Ahead of the curve – kaggle’s Titanic data competition

The Titanic dataset on Kaggle (http://www.kaggle.com/c/titanic-gettingStarted) consists of ~1300 records (the passengers of the titanic). The data is broken up, you are only given ~900 records of whether or not someone survived the Titanic disaster (training set) and your job is to predict whether or not ~400 passengers would have died based on a set of factors. You are given their age, name, sex, ticket #, class (first, second, third), and a handful of other variables. At first glance, you will see over 1000 teams and individual data scientists that are all using the most sophisticated algorithms the R language (and SciKits in python) has to offer. Random forests, support vector machines, and gradient boosting are all popular choices. In addition, people are offering their code on the forums to show exactly how to achieve 70%, 74%, and even 79% accuracy. This makes getting past an average score incredibly difficult.

My first attempt (a random forest) landed me at 72% accuracy, throwing me in the bottom of the barrel. I knew I was doing something wrong, since random forests are incredibly powerful.

These are pretty simple to build in R. Just import your data, then load the package, then run the algorithm on your target variable… so :

titanic<-read.csv(“train.csv”)  #loads your data

library(rpart)  #loads the R package to build models

fit<-rpart(Target ~ variable1 + variable2 + variable3, parameters, data=titanic)  #basic predictive model

fit<-rpart(Survived ~ Pclass + Sex + Age + SibSp + Parch+ Fare + Embarked, method = “class”, data=training)  #an actual example

I figured tinkering with the parameters of the algorithms wouldn’t get me anywhere, so I switched gears. I noticed the data was missing a large portion of the [age] variable. So I decided I would use an algorithm (Amelia package, named after the missing Amelia Earhart) to impute the missing values to create more data, then build my random forest off that. It turns out that making guesses based off a bunch of other guesses isn’t a great idea, so I did even worse. FYI – you should only impute missing variables when you are missing a small amount of data. The [name] variable in the dataset is quite interesting, as it contains Mr. | Mrs. | Miss. | Master. | Dr. | Major. | ect ect…. It turns out that using the titles of the names is actually better than using someones age to predict whether or not they will die (for this dataset at least). Initially I ignored the ticket numbers because I assumed I could not do anything useful with unique character values. After thinking about it for awhile, I realized ships are probably broken up into departments (duh) – which lead me to stripping the first character in the string to make a new variable. For example, if the ticket # was P2938, I just called it “P”. People in certain sections of the ship had a higher probability of dying.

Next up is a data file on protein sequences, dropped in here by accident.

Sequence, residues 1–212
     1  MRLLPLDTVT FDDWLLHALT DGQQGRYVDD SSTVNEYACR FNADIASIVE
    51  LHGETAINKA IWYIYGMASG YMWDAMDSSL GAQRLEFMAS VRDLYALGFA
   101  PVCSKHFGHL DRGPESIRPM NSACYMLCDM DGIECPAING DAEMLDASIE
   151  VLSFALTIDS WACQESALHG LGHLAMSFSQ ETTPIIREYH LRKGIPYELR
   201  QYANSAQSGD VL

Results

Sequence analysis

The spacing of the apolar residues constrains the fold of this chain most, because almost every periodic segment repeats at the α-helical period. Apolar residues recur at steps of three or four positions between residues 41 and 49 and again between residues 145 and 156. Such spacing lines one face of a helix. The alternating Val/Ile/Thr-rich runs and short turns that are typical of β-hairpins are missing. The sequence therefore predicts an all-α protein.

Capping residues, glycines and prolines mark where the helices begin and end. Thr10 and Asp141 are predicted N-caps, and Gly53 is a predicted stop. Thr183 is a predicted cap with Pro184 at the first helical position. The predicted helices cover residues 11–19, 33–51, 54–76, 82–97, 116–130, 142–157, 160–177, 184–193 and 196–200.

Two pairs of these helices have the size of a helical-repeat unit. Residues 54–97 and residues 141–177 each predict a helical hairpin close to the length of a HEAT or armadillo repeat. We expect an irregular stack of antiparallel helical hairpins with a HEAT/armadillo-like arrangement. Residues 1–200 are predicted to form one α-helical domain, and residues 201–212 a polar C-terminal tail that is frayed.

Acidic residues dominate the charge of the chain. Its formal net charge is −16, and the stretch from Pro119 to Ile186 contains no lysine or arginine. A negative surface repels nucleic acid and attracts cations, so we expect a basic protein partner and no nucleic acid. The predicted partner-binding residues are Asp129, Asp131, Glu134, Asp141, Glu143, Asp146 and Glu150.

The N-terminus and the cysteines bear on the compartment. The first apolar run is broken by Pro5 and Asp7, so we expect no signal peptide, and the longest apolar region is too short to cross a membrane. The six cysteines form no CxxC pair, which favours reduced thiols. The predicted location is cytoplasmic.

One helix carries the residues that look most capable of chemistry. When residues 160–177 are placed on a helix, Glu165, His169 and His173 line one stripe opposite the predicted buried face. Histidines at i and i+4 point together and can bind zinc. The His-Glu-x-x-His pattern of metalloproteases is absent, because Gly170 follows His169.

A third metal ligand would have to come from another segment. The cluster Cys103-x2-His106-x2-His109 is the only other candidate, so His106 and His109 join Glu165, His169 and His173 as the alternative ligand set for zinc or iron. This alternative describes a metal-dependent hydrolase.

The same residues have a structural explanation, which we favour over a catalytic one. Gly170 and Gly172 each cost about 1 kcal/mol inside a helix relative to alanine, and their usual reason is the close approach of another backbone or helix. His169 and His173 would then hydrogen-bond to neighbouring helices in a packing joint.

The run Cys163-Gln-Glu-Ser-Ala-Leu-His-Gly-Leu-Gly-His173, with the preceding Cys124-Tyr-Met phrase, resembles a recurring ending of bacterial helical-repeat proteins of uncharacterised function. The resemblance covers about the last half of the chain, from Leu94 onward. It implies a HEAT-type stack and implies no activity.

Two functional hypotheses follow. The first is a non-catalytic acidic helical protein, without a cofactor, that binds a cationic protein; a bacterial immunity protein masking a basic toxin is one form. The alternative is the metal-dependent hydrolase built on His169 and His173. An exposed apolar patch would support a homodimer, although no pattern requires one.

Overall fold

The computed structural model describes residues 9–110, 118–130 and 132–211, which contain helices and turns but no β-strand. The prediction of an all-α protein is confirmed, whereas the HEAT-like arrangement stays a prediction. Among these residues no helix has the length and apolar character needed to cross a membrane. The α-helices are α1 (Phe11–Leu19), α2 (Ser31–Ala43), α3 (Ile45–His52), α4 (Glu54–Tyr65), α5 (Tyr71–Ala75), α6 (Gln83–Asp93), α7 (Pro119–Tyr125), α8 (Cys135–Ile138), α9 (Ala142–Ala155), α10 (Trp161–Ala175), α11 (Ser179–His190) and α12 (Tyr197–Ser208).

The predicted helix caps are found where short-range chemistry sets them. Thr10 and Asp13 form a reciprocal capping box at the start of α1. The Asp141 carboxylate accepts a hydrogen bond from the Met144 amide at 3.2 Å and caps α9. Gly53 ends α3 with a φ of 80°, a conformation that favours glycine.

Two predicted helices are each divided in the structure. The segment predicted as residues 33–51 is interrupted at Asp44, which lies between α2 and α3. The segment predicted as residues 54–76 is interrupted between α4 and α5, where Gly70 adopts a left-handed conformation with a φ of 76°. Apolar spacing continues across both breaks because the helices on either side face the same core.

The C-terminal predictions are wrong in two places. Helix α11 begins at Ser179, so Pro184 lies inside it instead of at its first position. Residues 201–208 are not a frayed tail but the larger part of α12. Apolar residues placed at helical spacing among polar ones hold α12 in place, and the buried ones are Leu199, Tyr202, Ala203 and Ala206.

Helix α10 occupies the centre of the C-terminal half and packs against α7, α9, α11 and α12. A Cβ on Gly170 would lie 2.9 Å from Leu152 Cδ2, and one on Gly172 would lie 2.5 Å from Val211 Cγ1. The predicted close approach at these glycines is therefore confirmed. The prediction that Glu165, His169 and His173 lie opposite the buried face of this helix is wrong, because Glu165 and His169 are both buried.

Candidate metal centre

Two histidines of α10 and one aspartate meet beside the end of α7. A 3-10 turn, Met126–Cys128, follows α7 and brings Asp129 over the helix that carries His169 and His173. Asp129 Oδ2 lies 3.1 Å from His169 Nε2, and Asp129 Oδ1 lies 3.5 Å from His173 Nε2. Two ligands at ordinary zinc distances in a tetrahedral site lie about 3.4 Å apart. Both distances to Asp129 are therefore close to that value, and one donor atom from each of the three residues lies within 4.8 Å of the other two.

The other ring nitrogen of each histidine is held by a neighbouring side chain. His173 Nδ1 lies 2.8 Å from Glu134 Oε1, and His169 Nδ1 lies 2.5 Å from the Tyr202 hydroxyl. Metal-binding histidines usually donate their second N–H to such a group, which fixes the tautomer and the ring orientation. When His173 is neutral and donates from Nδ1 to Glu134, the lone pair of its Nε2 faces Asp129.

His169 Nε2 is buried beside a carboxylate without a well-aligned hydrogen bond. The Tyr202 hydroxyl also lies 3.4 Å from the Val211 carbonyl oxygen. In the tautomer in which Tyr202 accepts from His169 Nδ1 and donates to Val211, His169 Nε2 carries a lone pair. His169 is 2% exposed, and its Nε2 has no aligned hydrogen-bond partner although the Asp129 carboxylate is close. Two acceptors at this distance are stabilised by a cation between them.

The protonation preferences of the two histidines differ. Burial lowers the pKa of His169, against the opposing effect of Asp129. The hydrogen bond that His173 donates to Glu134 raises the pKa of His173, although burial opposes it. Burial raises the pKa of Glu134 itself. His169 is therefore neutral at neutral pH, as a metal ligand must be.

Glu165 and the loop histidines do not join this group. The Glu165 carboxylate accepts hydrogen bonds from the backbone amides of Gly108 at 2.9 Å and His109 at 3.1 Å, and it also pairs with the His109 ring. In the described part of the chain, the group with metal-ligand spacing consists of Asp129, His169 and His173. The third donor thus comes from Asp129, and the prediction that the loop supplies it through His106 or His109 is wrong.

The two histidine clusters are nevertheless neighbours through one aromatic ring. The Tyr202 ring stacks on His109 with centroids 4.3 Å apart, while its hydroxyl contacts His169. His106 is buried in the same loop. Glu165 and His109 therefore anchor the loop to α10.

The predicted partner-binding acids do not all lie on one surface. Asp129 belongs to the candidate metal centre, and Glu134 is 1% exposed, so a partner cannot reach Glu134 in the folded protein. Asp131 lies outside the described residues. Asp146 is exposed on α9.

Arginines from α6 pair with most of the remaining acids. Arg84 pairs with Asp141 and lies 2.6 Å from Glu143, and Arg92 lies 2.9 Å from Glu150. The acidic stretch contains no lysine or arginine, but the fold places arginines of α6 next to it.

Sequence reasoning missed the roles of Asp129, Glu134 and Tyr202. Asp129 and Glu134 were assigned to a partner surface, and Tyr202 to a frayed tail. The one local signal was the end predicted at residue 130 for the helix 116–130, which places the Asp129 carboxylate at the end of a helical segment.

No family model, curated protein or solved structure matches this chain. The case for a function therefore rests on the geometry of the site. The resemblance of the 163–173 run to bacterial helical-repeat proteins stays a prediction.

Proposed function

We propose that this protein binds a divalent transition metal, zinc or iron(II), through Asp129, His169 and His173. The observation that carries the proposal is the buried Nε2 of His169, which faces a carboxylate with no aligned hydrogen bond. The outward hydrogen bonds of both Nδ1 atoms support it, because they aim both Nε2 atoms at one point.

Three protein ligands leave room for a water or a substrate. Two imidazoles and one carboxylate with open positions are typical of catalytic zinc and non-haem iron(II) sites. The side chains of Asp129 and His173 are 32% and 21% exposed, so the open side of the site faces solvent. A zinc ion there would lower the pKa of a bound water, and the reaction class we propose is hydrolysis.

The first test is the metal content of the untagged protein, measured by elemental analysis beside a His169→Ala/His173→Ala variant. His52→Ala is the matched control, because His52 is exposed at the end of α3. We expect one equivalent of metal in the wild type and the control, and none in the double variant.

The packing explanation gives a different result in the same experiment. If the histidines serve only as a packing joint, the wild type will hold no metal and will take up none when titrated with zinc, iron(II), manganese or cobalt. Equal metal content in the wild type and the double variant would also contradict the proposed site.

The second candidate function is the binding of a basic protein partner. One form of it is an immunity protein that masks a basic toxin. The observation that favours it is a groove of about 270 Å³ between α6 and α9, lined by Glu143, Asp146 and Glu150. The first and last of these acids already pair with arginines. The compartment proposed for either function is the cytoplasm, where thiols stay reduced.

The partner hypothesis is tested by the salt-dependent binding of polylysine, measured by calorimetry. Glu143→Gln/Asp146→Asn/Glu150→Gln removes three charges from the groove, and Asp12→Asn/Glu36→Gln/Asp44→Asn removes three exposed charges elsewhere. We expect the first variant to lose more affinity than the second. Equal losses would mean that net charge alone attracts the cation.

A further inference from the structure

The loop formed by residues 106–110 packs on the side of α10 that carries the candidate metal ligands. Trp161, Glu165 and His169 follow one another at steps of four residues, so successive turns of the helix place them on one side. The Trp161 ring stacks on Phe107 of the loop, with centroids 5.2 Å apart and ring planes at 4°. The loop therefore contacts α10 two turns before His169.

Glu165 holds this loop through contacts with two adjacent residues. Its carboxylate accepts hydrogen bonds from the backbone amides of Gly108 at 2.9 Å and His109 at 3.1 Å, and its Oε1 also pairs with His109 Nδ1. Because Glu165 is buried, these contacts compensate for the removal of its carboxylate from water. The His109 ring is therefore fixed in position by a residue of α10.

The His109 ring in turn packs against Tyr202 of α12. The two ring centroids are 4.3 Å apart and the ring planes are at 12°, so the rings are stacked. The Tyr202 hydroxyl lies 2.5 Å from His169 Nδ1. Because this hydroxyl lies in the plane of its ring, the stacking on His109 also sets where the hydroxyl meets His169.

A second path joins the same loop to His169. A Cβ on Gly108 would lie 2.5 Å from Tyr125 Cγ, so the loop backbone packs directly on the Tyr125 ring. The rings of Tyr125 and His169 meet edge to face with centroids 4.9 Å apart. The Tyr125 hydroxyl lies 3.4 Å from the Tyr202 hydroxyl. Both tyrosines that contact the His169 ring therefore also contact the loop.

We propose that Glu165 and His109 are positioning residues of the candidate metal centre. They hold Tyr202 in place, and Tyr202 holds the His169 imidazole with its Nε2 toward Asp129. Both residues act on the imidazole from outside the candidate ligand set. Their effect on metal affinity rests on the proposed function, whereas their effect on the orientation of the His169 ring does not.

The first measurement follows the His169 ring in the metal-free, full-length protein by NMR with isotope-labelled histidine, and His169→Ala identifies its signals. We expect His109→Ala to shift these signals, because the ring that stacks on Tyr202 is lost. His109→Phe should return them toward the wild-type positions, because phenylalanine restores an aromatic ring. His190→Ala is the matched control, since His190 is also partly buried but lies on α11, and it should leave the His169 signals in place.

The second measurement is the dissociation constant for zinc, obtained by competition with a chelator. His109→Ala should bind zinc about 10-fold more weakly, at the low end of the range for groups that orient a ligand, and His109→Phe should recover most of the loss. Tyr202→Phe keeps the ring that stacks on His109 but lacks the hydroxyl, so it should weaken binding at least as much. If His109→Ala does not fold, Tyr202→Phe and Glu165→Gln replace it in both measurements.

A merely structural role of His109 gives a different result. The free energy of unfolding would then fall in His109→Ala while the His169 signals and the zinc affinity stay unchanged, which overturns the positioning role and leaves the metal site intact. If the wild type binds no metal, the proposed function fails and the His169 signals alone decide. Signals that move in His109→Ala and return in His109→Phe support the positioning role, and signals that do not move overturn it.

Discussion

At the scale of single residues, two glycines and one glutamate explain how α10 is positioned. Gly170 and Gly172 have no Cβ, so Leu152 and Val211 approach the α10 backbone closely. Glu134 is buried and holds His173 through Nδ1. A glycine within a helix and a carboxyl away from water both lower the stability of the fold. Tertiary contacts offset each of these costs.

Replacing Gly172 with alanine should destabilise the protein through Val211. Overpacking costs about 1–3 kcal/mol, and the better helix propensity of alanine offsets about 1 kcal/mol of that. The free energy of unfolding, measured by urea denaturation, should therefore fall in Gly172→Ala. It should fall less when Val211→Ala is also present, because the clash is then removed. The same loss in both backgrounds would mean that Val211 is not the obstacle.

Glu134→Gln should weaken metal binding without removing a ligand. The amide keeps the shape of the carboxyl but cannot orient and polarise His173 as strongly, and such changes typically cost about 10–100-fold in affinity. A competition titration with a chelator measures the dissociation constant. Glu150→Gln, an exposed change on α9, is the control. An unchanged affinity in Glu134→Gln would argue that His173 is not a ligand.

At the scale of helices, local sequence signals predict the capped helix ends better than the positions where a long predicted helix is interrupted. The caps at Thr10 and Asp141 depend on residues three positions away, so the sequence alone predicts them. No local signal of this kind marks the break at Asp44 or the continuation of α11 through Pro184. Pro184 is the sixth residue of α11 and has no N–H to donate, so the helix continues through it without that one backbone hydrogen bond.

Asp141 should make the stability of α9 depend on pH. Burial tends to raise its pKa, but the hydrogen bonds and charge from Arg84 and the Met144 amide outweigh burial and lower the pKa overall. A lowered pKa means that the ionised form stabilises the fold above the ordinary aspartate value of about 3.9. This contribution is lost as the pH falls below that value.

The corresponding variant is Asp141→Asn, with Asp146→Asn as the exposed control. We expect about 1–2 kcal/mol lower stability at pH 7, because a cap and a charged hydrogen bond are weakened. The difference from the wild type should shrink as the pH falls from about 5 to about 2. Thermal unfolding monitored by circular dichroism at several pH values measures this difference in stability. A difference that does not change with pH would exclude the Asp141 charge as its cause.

Visualizing a basic decision tree (part of your random forest) can help you understand underlying relationships in the data.


Always check how your variables are performing in the random forest to gauge usefulness.


Check the error in your boosting to determine the proper number of iterations to run.


Altering the data I was given to make it more useful it was caused me to jump from the rank 950 to rank ~100. Then I decided to try different algorithms. Random forests are generally the “best” out there, but I tried gradient boosting and support vector machines as well. I found the algorithms mostly predicted the same people would die, with a few exceptions. My final model was a vote, I took the mode of the 3 models as my final decision as to whether or not someone would survive, and this lead me to the top 5 % of the competitors.

Happy Mining!

Tom Barker